Recent research has demonstrated the importance of global changes to the functional organization of brain network following stroke. Resting functional magnetic resonance imaging (R-fMRI) is a non-invasive tool that enables the measurement of functional connectivity (FC) across the entire brain while placing minimal demands on the subject. For these reasons, it is a uniquely appealing tool for studying the distant effects of stroke. However, R-fMRI studies rely on a number of premises that cannot be assumed without careful validation in the context of stroke. Here, we describe strategies to identify and mitigate confounds specific to R-fMRI research in cerebrovascular disease. Five main topics are discussed: (a) achieving adequate co-registration of lesioned brains, (b) identifying and removing hemodynamic lags in resting BOLD, (c) identifying other vascular disruptions that affect the resting BOLD signal, (d) selecting an appropriate control cohort, and (e) acquiring sufficient fMRI data to reliably identify FC changes. For each topic, we provide guidelines for steps to improve the interpretability and reproducibility of FC-stroke research. We include a table of confounds and approaches to identify and mitigate each. Our recommendations extend to any research using R-fMRI to study diseases that might alter cerebrovascular flow and dynamics or brain anatomy.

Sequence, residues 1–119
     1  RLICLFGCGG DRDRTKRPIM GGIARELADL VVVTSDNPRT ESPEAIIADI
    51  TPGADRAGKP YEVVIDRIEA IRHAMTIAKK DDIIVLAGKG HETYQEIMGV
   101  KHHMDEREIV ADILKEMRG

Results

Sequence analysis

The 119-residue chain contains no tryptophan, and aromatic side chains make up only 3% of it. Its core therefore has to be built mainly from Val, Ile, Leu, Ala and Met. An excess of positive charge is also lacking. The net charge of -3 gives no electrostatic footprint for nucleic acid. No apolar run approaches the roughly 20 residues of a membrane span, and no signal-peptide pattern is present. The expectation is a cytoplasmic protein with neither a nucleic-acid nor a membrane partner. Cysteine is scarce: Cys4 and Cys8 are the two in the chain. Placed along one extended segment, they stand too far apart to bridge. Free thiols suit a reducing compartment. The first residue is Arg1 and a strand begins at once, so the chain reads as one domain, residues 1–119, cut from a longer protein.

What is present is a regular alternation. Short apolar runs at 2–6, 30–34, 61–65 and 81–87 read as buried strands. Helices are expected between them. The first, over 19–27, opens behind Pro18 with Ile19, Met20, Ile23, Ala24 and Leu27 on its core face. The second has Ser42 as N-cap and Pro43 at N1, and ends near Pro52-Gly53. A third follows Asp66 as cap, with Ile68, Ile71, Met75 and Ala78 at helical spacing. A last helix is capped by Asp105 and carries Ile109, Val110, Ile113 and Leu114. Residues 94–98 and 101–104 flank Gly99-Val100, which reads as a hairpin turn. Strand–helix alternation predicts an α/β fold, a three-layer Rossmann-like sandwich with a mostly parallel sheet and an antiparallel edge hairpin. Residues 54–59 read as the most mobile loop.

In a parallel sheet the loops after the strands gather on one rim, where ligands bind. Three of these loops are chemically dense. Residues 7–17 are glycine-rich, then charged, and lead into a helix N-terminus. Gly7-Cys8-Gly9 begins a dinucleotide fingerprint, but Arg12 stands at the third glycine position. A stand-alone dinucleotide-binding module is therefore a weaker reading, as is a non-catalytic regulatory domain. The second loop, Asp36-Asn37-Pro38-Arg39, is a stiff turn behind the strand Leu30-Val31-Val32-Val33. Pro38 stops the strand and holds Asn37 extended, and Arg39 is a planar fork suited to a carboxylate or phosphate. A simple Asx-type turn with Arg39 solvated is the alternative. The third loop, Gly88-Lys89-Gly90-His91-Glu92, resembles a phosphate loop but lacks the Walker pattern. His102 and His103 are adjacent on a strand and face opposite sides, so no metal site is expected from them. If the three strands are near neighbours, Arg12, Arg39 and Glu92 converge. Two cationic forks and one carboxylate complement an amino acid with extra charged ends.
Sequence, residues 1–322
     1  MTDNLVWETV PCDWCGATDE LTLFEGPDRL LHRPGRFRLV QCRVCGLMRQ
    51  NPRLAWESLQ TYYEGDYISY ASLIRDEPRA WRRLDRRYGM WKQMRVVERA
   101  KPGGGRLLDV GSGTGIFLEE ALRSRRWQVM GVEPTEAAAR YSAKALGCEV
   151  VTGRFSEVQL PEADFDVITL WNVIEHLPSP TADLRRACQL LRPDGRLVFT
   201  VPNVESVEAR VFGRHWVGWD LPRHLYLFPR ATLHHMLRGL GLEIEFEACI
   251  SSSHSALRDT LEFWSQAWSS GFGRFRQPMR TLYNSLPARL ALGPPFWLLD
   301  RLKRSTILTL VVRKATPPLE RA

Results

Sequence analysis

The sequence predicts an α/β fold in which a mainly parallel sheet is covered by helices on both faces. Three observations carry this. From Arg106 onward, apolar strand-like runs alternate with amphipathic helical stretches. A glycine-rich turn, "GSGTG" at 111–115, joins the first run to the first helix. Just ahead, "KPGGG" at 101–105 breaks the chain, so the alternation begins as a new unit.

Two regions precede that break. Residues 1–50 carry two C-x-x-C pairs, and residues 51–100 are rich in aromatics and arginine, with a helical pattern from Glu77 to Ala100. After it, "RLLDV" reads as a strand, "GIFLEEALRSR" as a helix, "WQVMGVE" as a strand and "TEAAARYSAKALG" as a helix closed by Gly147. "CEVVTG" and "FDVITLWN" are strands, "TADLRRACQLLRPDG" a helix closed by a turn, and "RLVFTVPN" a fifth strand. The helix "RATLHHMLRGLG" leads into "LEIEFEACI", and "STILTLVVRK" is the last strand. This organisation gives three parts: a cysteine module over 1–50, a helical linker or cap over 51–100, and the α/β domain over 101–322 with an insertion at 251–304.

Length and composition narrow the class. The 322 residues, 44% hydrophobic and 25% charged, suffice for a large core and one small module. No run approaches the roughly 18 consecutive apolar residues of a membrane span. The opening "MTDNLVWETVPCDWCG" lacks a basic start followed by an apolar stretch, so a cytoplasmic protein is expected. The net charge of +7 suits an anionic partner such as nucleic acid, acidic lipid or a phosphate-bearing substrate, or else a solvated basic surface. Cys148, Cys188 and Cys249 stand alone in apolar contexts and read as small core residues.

- Functional MRI
- brain ischemia